TWO "trail-blazing" school academies could be built in Kirklees - if the Government comes up with £200m.
The council have put in a bid for the cash which would be used to set up academies in Huddersfield and Batley.
Kirklees Council leader Clr Robert Light said today it was a once in a lifetime chance to transform secondary school education and enhance the lifetime learning opportunities for generations to come in Kirklees.
The bid, as part of the Building Schools for the Future programme, would create two academy schools, one in Huddersfield and one in Batley.
Each would cater for between 800 and 1,500 secondary age children, although details about the exact locations or numbers of children involved has yet to be finalised.
The national academies programme was first announced by David Blunkett in March 2000 as part of plan to transform secondary education nationwide.
The first three academy schools opened in Bexley and Harringey, London and East Middlesborough in September 2002.
There are now 46 academies in areas of social deprivation and low educational standards.
They are usually sponsored by businesses, faith or community groups.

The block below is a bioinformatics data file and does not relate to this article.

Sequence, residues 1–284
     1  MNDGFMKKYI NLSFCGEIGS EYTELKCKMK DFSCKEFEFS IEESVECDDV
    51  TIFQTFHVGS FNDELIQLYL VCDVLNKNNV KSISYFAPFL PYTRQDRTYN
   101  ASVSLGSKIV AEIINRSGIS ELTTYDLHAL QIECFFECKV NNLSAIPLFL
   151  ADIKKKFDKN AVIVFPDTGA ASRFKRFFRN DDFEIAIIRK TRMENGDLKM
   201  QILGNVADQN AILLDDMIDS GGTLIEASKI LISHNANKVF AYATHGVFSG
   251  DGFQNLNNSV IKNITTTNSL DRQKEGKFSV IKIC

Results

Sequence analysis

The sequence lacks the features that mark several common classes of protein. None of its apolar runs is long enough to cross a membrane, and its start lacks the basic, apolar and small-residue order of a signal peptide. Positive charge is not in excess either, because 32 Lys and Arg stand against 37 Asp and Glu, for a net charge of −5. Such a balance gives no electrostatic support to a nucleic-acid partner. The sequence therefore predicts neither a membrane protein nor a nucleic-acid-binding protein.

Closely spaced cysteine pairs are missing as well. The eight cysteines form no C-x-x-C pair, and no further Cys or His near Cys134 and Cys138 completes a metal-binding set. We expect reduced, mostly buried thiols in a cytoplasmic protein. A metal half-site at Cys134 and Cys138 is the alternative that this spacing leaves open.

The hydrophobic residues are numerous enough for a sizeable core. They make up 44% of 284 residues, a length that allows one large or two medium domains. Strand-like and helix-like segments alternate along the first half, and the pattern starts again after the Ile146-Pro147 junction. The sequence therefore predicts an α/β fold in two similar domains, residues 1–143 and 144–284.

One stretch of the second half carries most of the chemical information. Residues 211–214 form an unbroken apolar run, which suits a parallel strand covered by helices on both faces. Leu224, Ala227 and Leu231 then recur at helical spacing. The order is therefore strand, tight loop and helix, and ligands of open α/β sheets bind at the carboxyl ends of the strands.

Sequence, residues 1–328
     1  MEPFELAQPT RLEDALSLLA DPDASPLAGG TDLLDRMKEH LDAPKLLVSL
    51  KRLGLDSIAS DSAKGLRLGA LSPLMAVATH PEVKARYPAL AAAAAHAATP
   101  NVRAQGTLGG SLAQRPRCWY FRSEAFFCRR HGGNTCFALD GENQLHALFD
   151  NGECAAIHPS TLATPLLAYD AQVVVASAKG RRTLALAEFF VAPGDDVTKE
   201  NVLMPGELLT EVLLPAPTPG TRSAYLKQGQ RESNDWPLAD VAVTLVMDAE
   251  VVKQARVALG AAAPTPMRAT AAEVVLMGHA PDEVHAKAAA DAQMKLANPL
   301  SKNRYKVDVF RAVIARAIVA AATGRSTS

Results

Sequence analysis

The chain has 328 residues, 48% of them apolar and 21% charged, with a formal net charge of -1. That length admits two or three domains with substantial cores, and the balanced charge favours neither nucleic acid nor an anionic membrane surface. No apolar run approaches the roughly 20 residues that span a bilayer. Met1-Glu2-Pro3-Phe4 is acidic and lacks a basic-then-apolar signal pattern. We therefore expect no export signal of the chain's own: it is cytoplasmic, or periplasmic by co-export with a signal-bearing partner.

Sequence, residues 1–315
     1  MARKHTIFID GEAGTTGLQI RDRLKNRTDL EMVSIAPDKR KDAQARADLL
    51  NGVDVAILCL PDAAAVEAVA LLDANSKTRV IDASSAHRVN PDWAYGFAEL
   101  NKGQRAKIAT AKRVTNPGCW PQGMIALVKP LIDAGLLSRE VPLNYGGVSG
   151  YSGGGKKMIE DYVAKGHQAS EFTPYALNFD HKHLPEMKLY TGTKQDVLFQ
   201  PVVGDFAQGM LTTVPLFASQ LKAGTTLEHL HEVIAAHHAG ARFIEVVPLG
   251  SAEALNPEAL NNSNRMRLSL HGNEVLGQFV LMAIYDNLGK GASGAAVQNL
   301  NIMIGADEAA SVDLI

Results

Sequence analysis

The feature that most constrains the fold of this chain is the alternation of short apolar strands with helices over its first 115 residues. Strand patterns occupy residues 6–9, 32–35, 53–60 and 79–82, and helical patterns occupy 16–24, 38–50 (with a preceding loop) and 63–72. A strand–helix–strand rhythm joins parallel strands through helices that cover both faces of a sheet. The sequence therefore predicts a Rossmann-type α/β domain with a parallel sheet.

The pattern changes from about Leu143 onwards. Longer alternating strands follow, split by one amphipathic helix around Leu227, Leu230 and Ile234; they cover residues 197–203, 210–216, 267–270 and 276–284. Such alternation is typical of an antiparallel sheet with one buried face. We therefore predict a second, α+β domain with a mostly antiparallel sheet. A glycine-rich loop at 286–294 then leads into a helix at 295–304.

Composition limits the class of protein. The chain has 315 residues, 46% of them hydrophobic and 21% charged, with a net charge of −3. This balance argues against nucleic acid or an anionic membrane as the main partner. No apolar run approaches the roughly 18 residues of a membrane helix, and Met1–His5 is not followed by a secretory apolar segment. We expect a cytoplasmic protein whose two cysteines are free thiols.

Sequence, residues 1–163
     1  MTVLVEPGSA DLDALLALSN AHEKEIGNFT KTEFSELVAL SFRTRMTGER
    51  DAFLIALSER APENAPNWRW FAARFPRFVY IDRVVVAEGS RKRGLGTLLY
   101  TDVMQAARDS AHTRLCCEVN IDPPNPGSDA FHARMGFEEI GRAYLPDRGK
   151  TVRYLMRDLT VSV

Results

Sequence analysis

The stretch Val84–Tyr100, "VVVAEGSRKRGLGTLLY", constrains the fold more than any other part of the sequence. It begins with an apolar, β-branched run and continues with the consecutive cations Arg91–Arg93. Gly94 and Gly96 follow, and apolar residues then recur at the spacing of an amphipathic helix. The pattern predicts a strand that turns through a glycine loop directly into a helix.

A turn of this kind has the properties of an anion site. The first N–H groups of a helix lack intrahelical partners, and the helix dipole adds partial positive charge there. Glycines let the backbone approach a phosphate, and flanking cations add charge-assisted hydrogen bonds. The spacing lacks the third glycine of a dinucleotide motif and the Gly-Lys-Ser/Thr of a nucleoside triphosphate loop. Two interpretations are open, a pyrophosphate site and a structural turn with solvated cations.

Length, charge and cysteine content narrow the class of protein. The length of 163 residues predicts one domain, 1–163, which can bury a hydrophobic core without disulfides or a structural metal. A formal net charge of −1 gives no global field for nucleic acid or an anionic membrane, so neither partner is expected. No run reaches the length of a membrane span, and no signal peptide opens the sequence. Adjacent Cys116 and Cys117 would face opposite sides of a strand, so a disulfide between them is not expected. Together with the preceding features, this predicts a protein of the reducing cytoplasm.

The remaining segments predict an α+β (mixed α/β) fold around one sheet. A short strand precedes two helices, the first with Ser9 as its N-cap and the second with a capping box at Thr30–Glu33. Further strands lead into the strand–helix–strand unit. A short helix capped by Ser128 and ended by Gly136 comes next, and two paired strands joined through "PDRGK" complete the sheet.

In this region there are already academies in Barnsley, Bradford, Doncaster, Leeds and Sheffield.
And yesterday Tory leader David Cameron called for the academies programme to go "further and faster" as he opened the latest of the government's flagship schools - London Academy in Edgware, North London.
Clr Light said: "This is an opportunity that cannot be missed. We want to strengthen every aspect of education in Kirklees and every school is part of that wider drive.
"The academies, and other aspects of the bid, are part of a programme to make sure pupils in Kirklees benefit from this government programme. This is a fantastic opportunity to create new buildings and facilities fit for the 21st century.
"It is a once in a lifetime chance to transform our secondary schools and to enhance the educational and lifelong learning opportunities for generations to come."
He added: "This is not just about providing better schools. It is part of a package to provide for the whole community, to make the best use of new centres for the local community in providing other services.
"This will include community and lifelong learning opportunities across all age ranges, sport and leisure resources, community health services, family welfare support and services, and social benefits."
But Liberal Democrats on the council said they would oppose the move.
Clr Kath Pinnock, leader of the Lib-Dem group, said: "I am surprised the Conservatives should choose to announce the decision without proper consultation with local parents and teaching professionals.
"Academies have been tried in other parts of the country and, in many places, found wanting.
"They are divisive, independent of local democratic accountability and their ethos and direction is determined by the private sponsor."